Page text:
The second-half kickoff resulted in a melee near the Las Vegas bench that saw five Trojans and two Coyotes ejected. After the officials took 15 minutes to sort out the debacle, Coyote Alex Mendoza was ejected. Eight minutes later, and after scoring on a five-yard scat pass from Nate Lewis to cap a seven-play drive, tailback “Big Game” James Allison was ‘post-incidently’ ejected and the touchdown reversed. The officials claimed that Allison should have been ejected with Mendoza. His carries, and the drive, were allowed to stand. Only the touchdown was reversed, and Allison was ejected. Film revealed that Allison — number 22 — wasn’t in the altercation.

“No excuses, we lost,” Miller said. “It’s our fault for leaving a team in a position to benefit from poor officiating. However, we thought the league would enjoy the film.”

The Coyotes were penalized 13 times, more than the entire season combined.

ON TRASH-TALKING: The Coyotes players and coaches ignored the posturing, throat-slitting gestures and  trash-talking that ran rampant from pre-game warmups. “We don’t care,” Miller said. “However, we feel bad for any children who watched this game live or online. We look forward to one day playing in Vegas when a police presence is unnecessary. If our fans had to endure this environment at home, we’d give them their money back. Football is supposed to be a great game between great players playing a great sport at the highest level, not a contest on how many ways you can conjugate the f-word or refer to yourself, teammates or opponents as the n-word. ”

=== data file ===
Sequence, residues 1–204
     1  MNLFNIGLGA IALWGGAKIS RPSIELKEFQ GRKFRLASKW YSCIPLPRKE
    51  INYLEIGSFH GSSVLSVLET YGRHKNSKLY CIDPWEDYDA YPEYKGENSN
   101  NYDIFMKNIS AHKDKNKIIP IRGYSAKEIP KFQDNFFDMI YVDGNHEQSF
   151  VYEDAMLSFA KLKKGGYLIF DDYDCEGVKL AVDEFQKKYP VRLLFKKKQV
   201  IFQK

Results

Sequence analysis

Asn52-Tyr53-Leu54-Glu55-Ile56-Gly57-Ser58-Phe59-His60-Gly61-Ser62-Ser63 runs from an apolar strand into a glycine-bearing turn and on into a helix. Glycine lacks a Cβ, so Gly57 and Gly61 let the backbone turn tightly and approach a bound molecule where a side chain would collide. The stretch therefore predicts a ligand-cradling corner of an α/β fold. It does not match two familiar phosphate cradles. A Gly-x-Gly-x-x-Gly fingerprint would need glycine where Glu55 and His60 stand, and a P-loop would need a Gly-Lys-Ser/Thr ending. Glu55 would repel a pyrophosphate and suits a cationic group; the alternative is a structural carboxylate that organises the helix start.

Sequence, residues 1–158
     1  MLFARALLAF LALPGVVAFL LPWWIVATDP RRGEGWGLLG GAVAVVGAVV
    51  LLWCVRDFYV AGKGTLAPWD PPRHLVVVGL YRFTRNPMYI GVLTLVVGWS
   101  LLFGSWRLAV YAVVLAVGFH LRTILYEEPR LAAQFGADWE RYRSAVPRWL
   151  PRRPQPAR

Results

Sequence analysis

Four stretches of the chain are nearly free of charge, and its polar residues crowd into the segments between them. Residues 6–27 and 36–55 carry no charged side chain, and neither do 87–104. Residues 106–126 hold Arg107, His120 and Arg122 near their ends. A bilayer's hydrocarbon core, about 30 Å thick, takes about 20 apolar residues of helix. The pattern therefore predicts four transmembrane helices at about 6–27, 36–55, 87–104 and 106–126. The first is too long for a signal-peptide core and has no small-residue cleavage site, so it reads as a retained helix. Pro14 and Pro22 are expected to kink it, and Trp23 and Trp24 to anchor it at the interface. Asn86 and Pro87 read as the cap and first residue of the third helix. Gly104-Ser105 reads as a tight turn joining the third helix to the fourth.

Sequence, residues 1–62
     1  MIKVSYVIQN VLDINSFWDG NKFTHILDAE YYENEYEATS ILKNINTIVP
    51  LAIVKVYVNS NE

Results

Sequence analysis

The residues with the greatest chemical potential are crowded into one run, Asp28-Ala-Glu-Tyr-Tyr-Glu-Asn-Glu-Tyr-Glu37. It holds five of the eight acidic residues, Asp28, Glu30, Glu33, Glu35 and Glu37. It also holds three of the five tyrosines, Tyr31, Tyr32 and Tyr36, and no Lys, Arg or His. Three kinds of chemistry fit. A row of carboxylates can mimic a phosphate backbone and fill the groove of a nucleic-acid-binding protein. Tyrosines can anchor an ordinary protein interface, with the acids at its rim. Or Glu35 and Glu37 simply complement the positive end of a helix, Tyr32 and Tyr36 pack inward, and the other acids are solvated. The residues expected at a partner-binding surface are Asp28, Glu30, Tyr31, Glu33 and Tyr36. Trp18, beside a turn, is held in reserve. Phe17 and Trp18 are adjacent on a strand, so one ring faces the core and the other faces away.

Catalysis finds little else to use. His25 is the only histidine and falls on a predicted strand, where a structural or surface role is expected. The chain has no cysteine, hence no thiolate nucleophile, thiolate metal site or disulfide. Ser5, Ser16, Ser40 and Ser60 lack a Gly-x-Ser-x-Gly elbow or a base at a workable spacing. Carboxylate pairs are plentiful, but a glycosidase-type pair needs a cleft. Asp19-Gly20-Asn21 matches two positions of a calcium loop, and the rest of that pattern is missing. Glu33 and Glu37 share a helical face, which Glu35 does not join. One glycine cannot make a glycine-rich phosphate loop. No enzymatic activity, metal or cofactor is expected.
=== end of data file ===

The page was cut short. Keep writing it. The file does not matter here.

Miller applauded several of the Trojans as “a class act who played a heckuva game, especially the fullback. Hats off to those guys. Sadly, their teammates mouths and behavior outshone some great individual performance.”  Fans complained from around the world after listening to the commentary on http://www.ustream.tv/recorded/28835984.

“If this is football,” wrote Scott Blake, from Philadelphia, ” it’s a disgrace to the game.”